By Jake Donovan
Barring a complete physical shutdown from one or both fighters, there should be little drama at the scales this Friday in San Jose.
The Showtime-televised main event between Selcuk Aydin and Robert Guerrero carries title fight implications, with Aydin’s interim WBC welterweight belt at stake. As silly as interim titles are (most titles, these days), one benefit of a fight sanctioned by the WBC is the safety weight checks conducted both 30 days and 7 days prior to fight night.
Aydin’s camp released news over the weekend of the unbeaten Turk already at 149 lb. as of Saturday, well within the 154 lb. maximum allowed one week out for any WBC-sanctioned welterweight fight.
Handlers for Guerrero (29-1-1, 18KO) weren’t quite as forthcoming in releasing their fighter’s info, but the WBC has confirmed to Boxingscene.com that both fighters are very much on target.
“The 7-day weight of Robert Guerrero is within the safety limit,” stated William Boodhoo, WBC Director of Security Program for Boxers and who also serves as a referee and judge. “Guerrero weighed 151 lb, as certified by Dr. Joseph C. Barbera.”
The bout marks the welterweight debut for Guerrero, who moves up two weight classes for what will be his first fight in 15 months. The Bay Area star fights at home for the first time in more than two years. A planned showdown with Marcos Maidana was to take place at this very venue last August, only for Guerrero to be forced to pull out due to injury.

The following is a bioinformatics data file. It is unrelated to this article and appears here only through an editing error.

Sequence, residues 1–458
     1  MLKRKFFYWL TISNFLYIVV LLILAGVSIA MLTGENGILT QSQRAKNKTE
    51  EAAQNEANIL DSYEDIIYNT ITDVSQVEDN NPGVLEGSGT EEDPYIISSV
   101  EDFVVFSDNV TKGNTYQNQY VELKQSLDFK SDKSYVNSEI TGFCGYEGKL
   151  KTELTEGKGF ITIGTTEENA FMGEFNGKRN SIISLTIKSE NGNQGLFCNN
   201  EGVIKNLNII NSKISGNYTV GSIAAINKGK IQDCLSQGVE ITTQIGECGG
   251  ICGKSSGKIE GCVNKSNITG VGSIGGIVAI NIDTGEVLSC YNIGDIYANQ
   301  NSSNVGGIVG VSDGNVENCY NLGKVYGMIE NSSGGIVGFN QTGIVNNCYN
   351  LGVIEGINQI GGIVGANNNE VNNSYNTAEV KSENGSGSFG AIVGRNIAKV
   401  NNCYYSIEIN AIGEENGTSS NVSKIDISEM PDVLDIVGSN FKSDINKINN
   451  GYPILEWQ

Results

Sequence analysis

Aydin (23-0, 17KO) fights for just the second time in the United States, winning a split decision over Said Ouali in his lone stateside appearance more than three years ago. He represents Guerrero’s biggest challenge to date, at least in size.
Guerrero has won titles at featherweight and super featherweight. His last ring appearance – a win over Michael Katsidis last April – netted the Californian an interim belt at lightweight, though the stint was one-and-done as he was already preparing to move up in weight.
The winner of Saturday’s main event will become the mandatory challenger to Floyd Mayweather Jr, who is set to be released from prison in early August. Guerrero’s press agents spent the better part of the past year unmercifully calling out Mayweather. While the fight didn’t happen, many credited Guerrero’s publicists with drumming up that much more interest for his own ring return this weekend.
Jake Donovan is the Managing Editor of Boxingscene.com. Follow Jake on Twitter: @JakeNDaBox